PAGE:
At the U.S. Department of Defense, Smart Cards are mandatory for many networks.
The security they provide as a layer of “Defense In Depth” cannot be overstated. In concept, they are meant to replace usernames and passwords. In reality, they are a complex mechanism that can sometimes cause everyone a headache or two.

I have recently run a scenario that seems obscure, but is probably a lot more common than is reported. This is especially true in the U.S. Federal space where PIV cards are becoming more prevalent in light of the OPM breach, as well as in the DoD space where CAC is going from mandatory on unclassified systems to mandatory to every application.

The problem presents itself when the following are true:

  • The user is using a XenApp published Internet Explorer 8 or higher or the user is on a virtual desktop with IE 8 or higher
  • Internet Explorer is set to use Enhanced Protected Mode (EPM)
  • The user tries to access a website that prompts for the Smart Card credentials, but after presenting a certificate, Internet Explorer reports “Internet Explorer cannot display the webpage”. The user is not prompted for their PIN often times.
  • The same page works fine and authentication succeeds if EPM is turned off.

The good news is that the solution is relatively easy to implement, as long as you have administrative privilege on the XenApp or XenDesktop farm.

If you’re on XenDesktop/XenApp 7.x, you just need these registry entries depending on whether you’re X64 or X86.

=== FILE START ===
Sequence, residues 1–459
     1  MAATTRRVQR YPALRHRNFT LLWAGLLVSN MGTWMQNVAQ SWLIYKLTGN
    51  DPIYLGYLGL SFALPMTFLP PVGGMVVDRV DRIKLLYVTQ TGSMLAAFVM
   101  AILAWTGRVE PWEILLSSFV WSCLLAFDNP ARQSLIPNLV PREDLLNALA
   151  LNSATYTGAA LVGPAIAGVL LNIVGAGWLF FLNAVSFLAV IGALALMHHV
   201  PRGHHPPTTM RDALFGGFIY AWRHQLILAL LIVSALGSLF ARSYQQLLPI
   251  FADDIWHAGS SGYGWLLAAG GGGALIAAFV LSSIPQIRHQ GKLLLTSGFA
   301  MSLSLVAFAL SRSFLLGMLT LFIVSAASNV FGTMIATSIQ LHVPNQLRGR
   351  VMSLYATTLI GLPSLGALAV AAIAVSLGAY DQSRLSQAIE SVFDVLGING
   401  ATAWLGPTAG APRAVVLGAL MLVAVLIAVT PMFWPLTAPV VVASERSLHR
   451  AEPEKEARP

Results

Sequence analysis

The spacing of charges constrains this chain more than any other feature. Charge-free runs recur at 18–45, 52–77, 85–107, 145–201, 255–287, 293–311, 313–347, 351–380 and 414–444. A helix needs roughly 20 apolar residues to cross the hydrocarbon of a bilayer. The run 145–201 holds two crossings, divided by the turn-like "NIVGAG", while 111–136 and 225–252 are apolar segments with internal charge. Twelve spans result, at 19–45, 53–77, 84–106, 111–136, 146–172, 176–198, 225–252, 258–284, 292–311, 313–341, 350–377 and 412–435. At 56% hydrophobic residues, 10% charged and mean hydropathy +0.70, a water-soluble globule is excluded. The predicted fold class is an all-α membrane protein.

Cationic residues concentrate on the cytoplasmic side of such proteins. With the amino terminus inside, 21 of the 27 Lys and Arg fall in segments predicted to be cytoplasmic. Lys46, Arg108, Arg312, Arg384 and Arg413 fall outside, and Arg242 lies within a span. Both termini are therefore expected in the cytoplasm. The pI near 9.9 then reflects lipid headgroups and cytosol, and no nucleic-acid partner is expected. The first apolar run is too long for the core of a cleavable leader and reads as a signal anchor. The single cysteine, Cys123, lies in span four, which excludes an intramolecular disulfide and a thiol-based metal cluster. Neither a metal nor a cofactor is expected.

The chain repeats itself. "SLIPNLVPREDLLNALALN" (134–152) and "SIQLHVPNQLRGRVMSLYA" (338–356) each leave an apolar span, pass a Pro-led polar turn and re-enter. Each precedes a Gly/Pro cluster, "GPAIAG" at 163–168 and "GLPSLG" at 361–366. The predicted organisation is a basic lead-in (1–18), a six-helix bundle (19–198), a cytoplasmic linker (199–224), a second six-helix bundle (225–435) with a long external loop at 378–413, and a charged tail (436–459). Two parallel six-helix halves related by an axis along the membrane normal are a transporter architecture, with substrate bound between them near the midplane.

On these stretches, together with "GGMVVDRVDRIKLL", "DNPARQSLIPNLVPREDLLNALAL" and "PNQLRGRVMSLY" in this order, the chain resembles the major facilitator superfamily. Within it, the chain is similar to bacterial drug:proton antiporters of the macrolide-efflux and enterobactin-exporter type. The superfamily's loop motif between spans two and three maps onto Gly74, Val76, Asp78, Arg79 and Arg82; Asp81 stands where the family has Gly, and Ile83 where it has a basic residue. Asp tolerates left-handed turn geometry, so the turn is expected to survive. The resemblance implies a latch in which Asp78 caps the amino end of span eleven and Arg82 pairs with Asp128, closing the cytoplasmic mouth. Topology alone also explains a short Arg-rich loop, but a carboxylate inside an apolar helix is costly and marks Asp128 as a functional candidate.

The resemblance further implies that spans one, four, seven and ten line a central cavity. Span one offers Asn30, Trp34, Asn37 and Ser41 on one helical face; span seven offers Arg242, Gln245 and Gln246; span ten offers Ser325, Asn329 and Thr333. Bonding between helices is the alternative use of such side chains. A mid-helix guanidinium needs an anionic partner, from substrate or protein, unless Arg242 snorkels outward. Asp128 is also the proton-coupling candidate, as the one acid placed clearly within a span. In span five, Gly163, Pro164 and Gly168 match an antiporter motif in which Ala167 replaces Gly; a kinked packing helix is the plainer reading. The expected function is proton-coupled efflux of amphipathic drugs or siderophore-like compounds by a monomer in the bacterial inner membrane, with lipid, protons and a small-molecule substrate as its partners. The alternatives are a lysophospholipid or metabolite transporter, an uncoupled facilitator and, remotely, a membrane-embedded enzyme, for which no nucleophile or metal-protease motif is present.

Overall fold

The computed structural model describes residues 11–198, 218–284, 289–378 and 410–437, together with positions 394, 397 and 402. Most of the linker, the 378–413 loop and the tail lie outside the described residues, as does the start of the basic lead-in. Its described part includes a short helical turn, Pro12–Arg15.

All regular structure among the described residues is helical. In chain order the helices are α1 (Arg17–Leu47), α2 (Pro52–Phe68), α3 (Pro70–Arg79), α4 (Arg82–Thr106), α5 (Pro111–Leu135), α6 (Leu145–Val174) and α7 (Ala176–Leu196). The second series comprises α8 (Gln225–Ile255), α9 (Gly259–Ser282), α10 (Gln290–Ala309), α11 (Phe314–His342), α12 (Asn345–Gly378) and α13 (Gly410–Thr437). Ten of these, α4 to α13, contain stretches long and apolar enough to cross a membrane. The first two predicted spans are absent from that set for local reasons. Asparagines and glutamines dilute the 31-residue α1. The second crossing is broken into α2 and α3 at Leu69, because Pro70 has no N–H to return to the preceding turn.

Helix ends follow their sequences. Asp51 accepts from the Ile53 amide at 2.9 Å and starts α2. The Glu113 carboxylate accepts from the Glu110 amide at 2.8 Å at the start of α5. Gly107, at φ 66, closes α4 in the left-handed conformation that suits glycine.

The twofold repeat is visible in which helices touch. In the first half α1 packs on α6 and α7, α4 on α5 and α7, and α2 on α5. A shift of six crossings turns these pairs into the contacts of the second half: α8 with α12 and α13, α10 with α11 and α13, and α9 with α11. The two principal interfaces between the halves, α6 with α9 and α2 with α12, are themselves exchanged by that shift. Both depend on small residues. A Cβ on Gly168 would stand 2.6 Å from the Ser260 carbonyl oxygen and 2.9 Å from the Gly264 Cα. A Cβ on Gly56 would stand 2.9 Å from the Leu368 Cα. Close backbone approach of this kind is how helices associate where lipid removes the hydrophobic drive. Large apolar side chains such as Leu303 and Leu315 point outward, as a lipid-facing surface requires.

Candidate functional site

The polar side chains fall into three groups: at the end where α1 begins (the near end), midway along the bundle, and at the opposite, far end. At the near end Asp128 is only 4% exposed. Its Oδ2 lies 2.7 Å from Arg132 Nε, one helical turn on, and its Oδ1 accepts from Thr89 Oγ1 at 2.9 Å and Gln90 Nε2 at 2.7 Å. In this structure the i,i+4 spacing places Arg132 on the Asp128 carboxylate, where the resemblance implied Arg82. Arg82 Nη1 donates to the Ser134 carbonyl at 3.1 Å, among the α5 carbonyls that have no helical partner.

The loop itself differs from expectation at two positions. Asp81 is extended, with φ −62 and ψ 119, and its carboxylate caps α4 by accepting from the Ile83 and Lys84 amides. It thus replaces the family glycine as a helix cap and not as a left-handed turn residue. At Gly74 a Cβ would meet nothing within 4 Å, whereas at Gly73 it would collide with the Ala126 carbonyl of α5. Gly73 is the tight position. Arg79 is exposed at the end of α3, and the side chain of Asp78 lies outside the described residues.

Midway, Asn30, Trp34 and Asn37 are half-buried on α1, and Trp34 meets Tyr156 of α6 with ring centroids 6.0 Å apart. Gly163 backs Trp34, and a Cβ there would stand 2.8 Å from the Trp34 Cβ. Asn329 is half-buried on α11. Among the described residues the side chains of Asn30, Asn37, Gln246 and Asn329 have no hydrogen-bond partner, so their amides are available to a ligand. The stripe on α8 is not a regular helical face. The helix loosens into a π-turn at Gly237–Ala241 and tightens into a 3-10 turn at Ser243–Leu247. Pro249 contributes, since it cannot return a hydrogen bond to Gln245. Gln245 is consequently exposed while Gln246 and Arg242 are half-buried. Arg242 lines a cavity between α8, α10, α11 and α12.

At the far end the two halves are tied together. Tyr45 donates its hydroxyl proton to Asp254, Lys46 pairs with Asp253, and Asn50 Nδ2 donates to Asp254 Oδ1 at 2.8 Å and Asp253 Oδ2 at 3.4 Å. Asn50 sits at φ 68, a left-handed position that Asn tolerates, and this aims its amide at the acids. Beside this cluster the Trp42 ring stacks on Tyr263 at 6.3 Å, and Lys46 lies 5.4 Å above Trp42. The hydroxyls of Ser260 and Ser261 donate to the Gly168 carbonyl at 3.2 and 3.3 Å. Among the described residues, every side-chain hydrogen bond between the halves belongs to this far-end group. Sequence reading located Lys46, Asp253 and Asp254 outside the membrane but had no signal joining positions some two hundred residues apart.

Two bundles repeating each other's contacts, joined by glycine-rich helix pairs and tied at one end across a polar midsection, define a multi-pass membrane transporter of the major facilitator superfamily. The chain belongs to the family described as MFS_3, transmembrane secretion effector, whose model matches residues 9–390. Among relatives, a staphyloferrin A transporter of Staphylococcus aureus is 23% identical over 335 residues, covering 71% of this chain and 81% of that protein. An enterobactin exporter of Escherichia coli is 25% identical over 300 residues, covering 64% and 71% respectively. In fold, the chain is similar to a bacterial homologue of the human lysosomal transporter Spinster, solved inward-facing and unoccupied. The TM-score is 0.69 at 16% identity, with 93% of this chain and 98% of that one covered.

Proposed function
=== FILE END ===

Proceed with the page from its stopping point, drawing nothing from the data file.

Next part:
<em>On 32-bit Windows:</em>
 Name: SupLowIntegrityProc
 Data: 1
 <em>On 64-bit Windows:</em>
 Name: SupLowIntegrityProc
 Data: 1


If you’re on XenApp 6.5, you need to be on HotFix Rollup Pack 2 or higher. You should really consider being on HFRP 6 as it contains quite a lot of good features and stability enhancements. If you’re on XenDesktop 5.6, you are out of support and need to upgrade right away. What you really need to do is make sure that you’re on VDA 5.6.200 or higher, and preferably 5.6.500 for X86 or 5.6.500 for X64. In these cases, once you get up to the correct versions, you still should apply the registry settings above.

These fixes will help you ensure that you can run IE in Protected Mode, and not have to change your security posture for a site due to compatibility. This also saves your users from putting sites into Trusted or Intranet Zones and turning off EPM for those zones.

This just one tip on Smart Card configurations that we see in the Federal government. For even more comprehensive guidance, you should see what Joe Nord put together in his blog about PIV and configuration guidance. If you have other stories about things that you tweaked with Smart Cards, please leave a reply. We hope to gather all of these tips into a common guide someday.